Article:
• December 23, 1843: “Finished my Memoir of Robert M’Cheyne yesterday morning. Praise, praise to the Lord. I have been praying, “Guide me with Thine eye’ I may soon be gone”; but I am glad that the Lord has permitted me to finish this record of His beloved servant. Yet it humbles me. My heart often sinks in me. Just to-night I saw my soul full of nothing but self, and all that comes forth seems a black stream of selfishness.”
  • March 4, 1843: “The Memoir of Robert M’Cheyne is now just about to appear. O that it may be blessed!”
  • March 23, 1843: “It was on this day of the week last year, about sunset, that a messenger came and told me of Robert M’Cheyne’s illness. It makes the day very solemn. I have grown little indeed by that providence, though it seemed sent to us for that intention. Several of us are to observe Monday as a season of special prayer and fasting to ask a blessing on the Memoir and the raising up of many holy men.”
  • January 4, 1845: “Looking back on last year I feel how awfully little has been done for God. My soul has grown very little. My ministry this year has been little blessed. The Memoir of Robert M’Cheyne and my Tract on Baptism seem to me the chief way in which the Lord has been using me this year to any extent.”
  • March 27, 1845: “Received a letter to-day telling me of the blessed effects of Robert M’Cheyne’s Memoir on one in London, in which he refers to the anniversary of his death—the 25th, a day I did not forget. Many tokens have I received of the Lord’s blessing that book. It roused me to thanksgiving, and I began to think that, if I oftener thanked God at the moment, I might oftener hear of His blessing upon my labours. He lets us know in order that we may give praise.”
  • December 18, 1846: “I see that the prayers of so many friends who pray for me are, no doubt, the cause of my getting peculiar help in writing the Memoir and then, the [Commentary on] Leviticus, I have often felt things in study so plainly given me, not at all like the products of my own skill, that this is the way in which I account for them. The Lord sends them because of people praying for me.”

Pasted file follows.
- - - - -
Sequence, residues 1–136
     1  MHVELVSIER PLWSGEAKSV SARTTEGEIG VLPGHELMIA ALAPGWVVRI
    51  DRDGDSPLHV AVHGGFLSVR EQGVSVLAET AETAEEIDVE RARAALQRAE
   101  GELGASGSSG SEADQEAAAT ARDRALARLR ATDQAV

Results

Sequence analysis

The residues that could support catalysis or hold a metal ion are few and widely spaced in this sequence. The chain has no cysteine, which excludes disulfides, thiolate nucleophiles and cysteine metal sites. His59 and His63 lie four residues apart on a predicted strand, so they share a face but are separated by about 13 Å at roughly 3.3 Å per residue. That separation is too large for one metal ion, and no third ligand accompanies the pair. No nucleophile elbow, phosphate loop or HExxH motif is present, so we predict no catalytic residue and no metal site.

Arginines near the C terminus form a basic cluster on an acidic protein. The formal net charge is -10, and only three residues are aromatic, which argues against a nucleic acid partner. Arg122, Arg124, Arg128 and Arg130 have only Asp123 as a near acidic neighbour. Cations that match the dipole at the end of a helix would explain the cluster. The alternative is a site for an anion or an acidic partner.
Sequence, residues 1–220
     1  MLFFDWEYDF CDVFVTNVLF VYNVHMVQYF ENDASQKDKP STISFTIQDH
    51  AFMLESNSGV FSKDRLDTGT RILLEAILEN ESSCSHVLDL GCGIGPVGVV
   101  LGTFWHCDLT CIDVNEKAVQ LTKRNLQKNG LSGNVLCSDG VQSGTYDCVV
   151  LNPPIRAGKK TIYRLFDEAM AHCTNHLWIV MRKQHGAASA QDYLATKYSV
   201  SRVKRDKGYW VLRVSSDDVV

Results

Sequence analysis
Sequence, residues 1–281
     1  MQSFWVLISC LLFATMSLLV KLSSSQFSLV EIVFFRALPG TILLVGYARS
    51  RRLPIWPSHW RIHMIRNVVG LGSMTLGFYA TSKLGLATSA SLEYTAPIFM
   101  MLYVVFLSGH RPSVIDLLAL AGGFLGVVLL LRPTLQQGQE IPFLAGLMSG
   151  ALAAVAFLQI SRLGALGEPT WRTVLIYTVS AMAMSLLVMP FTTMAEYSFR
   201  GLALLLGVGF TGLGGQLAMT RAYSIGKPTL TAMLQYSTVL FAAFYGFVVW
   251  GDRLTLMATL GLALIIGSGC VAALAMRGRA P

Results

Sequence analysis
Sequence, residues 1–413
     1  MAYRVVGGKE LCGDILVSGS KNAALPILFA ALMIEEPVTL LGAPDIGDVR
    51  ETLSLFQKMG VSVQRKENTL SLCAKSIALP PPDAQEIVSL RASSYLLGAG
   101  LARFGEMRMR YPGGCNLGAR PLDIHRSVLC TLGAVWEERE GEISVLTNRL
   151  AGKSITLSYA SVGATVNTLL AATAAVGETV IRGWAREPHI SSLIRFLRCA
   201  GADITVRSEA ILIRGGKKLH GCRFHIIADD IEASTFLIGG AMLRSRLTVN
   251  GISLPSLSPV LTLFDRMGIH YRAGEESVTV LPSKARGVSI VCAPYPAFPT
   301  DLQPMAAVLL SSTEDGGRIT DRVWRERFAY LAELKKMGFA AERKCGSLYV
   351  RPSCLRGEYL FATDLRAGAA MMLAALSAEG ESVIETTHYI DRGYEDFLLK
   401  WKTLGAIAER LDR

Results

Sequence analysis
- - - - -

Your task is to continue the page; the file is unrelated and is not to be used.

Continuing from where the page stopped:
• May 1, 1853: “After my Communion I heard of blessing upon the Memoir of Robert M’Cheyne in the case of one in Edinburgh.”
  • December 31, 1856: “Encouraged by hearing of a soul awakened through reading Mr. M’Cheyne’s Memoir in
  • November 17, 1860: “Got to-night from Holland a Dutch translation of M’Cheyne’s Memoir. Praise the Lord, O my soul, that thus good is done in foreign lands by that book.”
  • December 31, 1864: “It is now evening, and just at the close of the most memorable year since the death of Robert M’Cheyne (Bonar’s wife died on October 15th). I shall remember this year, in the ages to come, as the year I came in a special sense into the valley of Baca. My heart still fails me as often as I realize my loss. But, Lord, make my beloved wife’s removal as blessed to me as was the death of Robert M’Cheyne to the public through means of his Memoir.”
  • July 13, 1876: “A minister from America cheered me greatly by telling me how M’Cheyne’s Memoir has been used there.”
  • August 2, 1884: “Have heard lately oi two cases in which the Memoir of Robert M’Cheyne has been blessed: one here, another in England.”
  • July 21, 1891: “Heard to-day that Mr. Sinclair, minister of Kenmore, who translated the Memoir of M’Cheyne into Gaelic, received more than one letter telling that it had been blessed to the reader.”

Lessons Learned

It’s striking to see the place the Memoir occupied in Bonar’s life. For nearly a half-century, words of the book and thoughts about the book were close to his mind.

In reading through Bonar’s notes, two simple spiritual lessons came to my mind. First, how often God works through biography. You don’t have to be an expert in church history to know how a religious portrait launched many mighty men and women into Christ’s service. The nineteenth century was an era in which biographies flourished. Our age has so shunned history that many have lost the desire to learn not just from, but also about the old saints. If the trend continues, it will mean poverty in our piety. We need another generations of pastors and scholars whom the Spirit fuels and fills to right Christ-exalting biography.

Second, the great books fly on the wings of prayer. Bonar comments about how a day of fasting and prayer was set aside before the Memoir went out for sale. Prayer for the book didn’t stop; it continued throughout the years. What we need today are books that have prayerful authors and prayerful readers. Let us pray down God’s blessing on the great books. Let us yearn for God to glorify His name and His Son through the expansion of edifying works throughout the world.

A Subtle and Dangerous Snare

If we are ever to see a revival in our nation, it will begin with a revival of real gospel ministry. Pastoral paradigms built on pragmatism must fall, and in their place, we will see a renewed passion for prayer and piety. The kind of preaching that the Spirit blesses (and the heraldic ministry that ushers in revival) is that which is saturated in prayer and comes from the mouth of a man consumed with holy love for Christ. Before he ever considers strategic vision, administrative planning, and staffing structure, God’s man must be a man of God—in doctrine and devotion.